With IPY’s field seasons over, Lewkowicz hopes polar research can be sustained until the next IPY arrives to reinvigorate the field with another international injection of funding. If there is an interim stage of activity, it may be Way and his CryoEX colleagues gathered from around the world on the side of this Norwegian mountain, breaking ground no one has broken before. Their assignment may seem unimportant, but going forward in their careers, it represents the fundamental necessity of ground-level investigation. How did millennia of global warming shape this place? Can those facts tell us about the future? Let this kind of science falter, says Etzelmüller, and the legacy for upcoming generations is ignorance and negligence — perhaps worse. “That’s why basic research is important,” he says.

Way is here to develop his sense of scientific objectivity. But he knows the political implications of interpreting findings as simple as scratches on stone. “There is a sense of morality among individuals in this field, certainly,” he says. “I have a sense of morality on the environmental issues.” When it comes to causes of climate change, however, “a lot of people aren’t willing to hear one side or the other,” he says, “whereas I’m still at the point where, if you have a convincing argument, fine, I’d like to hear it.”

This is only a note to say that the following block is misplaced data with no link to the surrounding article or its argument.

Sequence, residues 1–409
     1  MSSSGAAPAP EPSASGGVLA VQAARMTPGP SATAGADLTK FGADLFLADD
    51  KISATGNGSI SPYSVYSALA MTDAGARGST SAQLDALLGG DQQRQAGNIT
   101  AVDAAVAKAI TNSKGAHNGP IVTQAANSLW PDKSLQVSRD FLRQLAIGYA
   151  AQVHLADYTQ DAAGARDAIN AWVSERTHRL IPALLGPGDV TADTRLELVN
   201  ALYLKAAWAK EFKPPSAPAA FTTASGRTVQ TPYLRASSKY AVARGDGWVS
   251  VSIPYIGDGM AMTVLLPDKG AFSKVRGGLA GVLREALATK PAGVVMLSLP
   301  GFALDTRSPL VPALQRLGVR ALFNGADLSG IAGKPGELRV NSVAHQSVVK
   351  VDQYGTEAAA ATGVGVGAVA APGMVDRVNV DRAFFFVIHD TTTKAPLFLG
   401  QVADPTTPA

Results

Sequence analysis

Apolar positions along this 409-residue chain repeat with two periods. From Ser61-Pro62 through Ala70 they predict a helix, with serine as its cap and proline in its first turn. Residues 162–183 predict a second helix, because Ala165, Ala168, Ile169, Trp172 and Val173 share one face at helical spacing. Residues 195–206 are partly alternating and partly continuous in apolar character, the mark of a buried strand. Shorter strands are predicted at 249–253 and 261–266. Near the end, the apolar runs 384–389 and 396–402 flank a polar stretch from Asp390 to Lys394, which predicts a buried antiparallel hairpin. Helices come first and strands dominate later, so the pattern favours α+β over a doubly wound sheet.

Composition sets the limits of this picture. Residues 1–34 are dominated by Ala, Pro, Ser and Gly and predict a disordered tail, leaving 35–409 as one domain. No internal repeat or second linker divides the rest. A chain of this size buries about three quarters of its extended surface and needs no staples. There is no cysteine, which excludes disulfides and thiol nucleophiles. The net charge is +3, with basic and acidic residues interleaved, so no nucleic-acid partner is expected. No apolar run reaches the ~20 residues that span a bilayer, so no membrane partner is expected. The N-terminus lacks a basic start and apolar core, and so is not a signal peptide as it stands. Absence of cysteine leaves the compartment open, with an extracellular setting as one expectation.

That he’ll listen is what matters. Humlum remains quietly unconvinced that current climate variations are not anomalous. “We need to know more of the past climatic data in greater detail,” he says as he continues to scout potential stria sites. That need to know more cuts through the politics of any climate-change debate, and it captures the spirit of CryoEX. Science has an insatiable appetite for facts that ultimately go on to furnish innumerable permutations of truth. Already, Way seems to understand his role in this.

“Always maintain a healthy skepticism regarding scientific results,” says Etzelmüller, “because ideas that are believed to be correct today may be disproved in 50 or 100 years.”

After Way digs out the next site, the students gather close to the rock face, one of them washing the surface with water collected from a nearby shallow pool. Independent of their professor, they debate whether they’re seeing ancient scars or just natural fissures before they decide on the latter. In the meantime, Humlum has found another spot down the mountain. The sun’s coming out, shining on the village of Alvdal far below, but it has yet to warm the air. The students, Way included, look cold and weary. They could easily guess at what they’ll find at Humlum’s next location. But they understand that unless they investigate, they won’t know anything for sure.

More than ‘numbers and formulas’

Speaking to about 75 aboriginal high school students at the National Aboriginal Achievement Foundation conference in Saskatoon last November, Lee Wilson issued a challenge. “Who has more of a vested interest in your community?” he asked. “People like you who can choose to live and work there, or an NGO or government department on the other side of the country that might be 3,000 or more miles away?”